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Yuey Tan (left) and Claire Jedrek, founders of The Karting Arena. Says Mr Tan: "I believe fun karting is the business of selling happiness."

The fastest way to go green

Go-karts at The Karting Arena are all electric, which eliminates the exhaust fumes and roaring noises associated with traditional karts.
Sep 25, 2015 5:50 AM

YUEY Tan might just be the Robin Hood of the fun karting world. The Founder of The Karting Arena @ Bukit Timah says: "I've always felt that people are overcharging for go-karting in Singapore. I know what the business looks like on a spreadsheet and it's just money- printing, which isn't fair."

The Karting Arena, located behind Pasarbella in Turf City, charges S$25 for a session. Each session lasts eight minutes, which can equate to about 15 laps of the 500-metre track, making it the cheapest go-karting circuit in Singapore.

The best part? It's all electric, which means you can forget about the exhaust fumes and roaring noises usually associated with petrol-based go-karting tracks. The karts also handle a lot better, allowing you to make full use of the combination of sweeping corners, a hairpin turn and a chicane at the 7.2 metre-wide track.

Mr Tan, 33, says: "Our karts have a chassis based on a racing machine, not like the karts you find at an amusement park. Using electrical energy means you have a lot of torque, which contributes to much better overall performance."

The Karting Arena certainly believes in paying attention to the overall quality of the experience. While most karting circuits in Singapore use karts that cost about S$4,000, Mr Tan, whose experience investing in the now-defunct Changi Karting Circuit prepared him for this venture, reveals that The Karting Arena's Birel electric karts are imported from Italy and Japan and cost almost S$20,000.

He explains: "I didn't want to spend the money on a big building or a fancy grandstand; that will grow as the sport does. I believe getting the right infrastructure is more important."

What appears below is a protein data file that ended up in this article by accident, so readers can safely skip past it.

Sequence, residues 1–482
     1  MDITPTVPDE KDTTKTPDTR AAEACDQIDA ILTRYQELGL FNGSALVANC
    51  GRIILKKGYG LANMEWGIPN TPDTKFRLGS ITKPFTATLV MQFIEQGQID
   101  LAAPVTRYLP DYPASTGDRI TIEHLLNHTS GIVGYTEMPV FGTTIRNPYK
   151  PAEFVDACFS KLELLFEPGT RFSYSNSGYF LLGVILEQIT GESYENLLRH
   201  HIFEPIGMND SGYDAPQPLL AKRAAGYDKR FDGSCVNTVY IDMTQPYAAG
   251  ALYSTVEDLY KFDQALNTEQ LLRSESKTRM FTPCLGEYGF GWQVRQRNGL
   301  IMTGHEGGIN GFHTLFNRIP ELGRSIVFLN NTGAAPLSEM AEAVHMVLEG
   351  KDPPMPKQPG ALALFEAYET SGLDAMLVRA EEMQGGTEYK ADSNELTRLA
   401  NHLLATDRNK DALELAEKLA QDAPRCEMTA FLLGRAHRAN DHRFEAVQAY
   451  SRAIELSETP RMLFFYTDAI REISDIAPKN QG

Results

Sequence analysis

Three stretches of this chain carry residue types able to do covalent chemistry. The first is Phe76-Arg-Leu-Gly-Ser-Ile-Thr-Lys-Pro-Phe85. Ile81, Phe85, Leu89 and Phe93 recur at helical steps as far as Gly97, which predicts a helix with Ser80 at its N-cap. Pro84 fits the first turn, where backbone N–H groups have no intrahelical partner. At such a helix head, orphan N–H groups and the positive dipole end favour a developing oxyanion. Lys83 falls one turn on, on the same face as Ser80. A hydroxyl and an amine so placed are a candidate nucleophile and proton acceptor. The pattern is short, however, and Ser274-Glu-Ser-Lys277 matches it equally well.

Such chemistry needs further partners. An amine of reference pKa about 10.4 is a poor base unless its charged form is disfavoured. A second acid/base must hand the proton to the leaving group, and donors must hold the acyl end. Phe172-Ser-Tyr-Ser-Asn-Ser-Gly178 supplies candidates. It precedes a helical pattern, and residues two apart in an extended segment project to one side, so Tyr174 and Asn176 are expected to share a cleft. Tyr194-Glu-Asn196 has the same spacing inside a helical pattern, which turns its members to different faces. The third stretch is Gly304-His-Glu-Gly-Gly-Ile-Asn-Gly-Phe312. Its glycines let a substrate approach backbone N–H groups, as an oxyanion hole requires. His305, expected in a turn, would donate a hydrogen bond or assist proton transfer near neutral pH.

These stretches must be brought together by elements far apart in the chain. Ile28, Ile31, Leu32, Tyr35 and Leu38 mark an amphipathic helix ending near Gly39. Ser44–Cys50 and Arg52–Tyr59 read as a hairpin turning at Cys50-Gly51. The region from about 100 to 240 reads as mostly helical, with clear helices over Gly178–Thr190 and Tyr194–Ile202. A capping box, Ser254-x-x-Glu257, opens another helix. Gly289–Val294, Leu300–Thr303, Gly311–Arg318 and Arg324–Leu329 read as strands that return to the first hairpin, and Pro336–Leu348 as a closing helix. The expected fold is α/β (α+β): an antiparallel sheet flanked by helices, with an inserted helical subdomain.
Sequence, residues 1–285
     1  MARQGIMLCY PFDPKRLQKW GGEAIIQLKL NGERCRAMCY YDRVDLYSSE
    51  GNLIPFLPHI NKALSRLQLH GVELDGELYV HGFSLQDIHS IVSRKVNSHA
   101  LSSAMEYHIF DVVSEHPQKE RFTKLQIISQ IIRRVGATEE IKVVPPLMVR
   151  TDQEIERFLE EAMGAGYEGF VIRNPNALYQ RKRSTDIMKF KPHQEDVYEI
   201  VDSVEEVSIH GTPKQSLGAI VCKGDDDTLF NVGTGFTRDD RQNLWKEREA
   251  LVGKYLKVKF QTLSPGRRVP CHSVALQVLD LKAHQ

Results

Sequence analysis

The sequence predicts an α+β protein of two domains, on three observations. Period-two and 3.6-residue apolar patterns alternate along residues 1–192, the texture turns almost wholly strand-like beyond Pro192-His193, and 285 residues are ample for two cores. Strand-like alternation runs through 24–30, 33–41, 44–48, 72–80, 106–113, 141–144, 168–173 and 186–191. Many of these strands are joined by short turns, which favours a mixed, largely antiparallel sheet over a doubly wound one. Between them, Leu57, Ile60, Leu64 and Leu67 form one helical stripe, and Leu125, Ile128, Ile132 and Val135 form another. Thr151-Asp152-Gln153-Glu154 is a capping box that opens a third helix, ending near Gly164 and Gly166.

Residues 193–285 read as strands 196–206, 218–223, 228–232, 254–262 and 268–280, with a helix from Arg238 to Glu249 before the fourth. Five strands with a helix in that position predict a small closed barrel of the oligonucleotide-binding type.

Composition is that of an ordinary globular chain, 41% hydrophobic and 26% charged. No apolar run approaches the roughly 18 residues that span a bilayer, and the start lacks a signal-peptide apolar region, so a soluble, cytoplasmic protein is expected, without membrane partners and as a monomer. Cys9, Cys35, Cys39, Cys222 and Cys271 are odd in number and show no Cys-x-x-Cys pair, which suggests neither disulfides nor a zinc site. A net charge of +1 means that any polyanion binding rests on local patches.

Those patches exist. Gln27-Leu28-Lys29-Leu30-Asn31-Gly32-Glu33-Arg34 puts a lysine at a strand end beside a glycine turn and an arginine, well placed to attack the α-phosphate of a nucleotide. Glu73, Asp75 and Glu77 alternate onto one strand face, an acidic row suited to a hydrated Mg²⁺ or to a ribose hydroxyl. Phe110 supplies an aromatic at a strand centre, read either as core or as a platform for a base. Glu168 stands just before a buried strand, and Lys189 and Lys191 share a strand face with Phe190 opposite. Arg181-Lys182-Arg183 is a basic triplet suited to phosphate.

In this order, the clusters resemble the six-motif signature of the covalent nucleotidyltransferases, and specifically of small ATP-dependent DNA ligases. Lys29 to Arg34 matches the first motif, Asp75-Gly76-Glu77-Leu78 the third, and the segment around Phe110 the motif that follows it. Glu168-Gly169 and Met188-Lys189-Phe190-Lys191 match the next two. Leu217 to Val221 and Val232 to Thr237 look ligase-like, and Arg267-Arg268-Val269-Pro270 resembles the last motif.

Mr Tan, who moved to Singapore from Adelaide in 2000 to do his National Service (NS), also made sure that the safety implications were minimal. To that end, he has had Tecpro barriers installed at The Karting Arena, the same brand used by the Formula One Grand Prix races all over the world.

Another safety feature goes hand-in-hand with the electric nature of the karts and the track. The speed limit for anyone with a driving licence is 50 km per hour, as mandated by the government. If things go wrong for any reason, the karts can be controlled remotely, meaning that they can be made to slow down or even shut off.

"Another feature we're going to introduce is something that'll slow down the karts when they enter the pit lane, so no one will be hurt - ever," quips Mr Tan.

For people who aren't confident enough to take a spin around the circuit from the get-go, The Karting Arena has installed eight go-kart simulators. While they don't handle exactly the same as a real kart, the simulators have not just international race tracks but also a pre-programmed replica of the actual track just outside.

The first Singaporean to win Class B of the Porsche Carrera Cup Asia (PCCA) in 2014, a support race to the F1 Singapore Grand Prix, Mr Tan has had a keen interest in all things motor-racing since he was a child. He recalls: "I think I learnt to read from car magazines because by the time I was four years old, I could name every single make and model of car."

Upon finishing his NS, Mr Tan fell in love with Singapore and decided to stay on and start his own hardware design and manufacturing company, Neuston, which then changed its focus to software because China started to contract its manufacturing services to the world. He eventually sold his company in 2006 and invested some of the money into his passion for driving. Two years later, he was racing in the PCCA.

He says: "Looking back, it wasn't really something I planned, it just kind of happened, and I think my experience with distribution of media really helped in racing because we're in the business of advertising."

The Karting Arena is different not just because of its electric karts but also because of its location. The central location of the track means go-karting no longer has to be the focus of the day's activities but can, in fact, be a filler.

Mr Tan says: "I believe fun karting is the business of selling happiness, and there's a lot of happiness to be found in this area. Turf City has sporting activities and a lot of really nice food, so it fits well. If we were located in an industrial area, I don't think it would really be a happy place.

Mr Tan is confident the sport will catch on. "Go-karting as a recreation is hugely popular and everyone's tried it once before. If people can spend S$25 on a box of sugary confection, why wouldn't they spend it on this?"

He adds with a grin: "If people aren't that keen, maybe we'll just start selling macarons here."

The Karting Arena @ Bukit Timah is at 200 Turf Club Road, #01-01B The Grandstand. It is open from 10am to 10pm daily, and prices start from S$25. For more information, call 9627-6711 or visit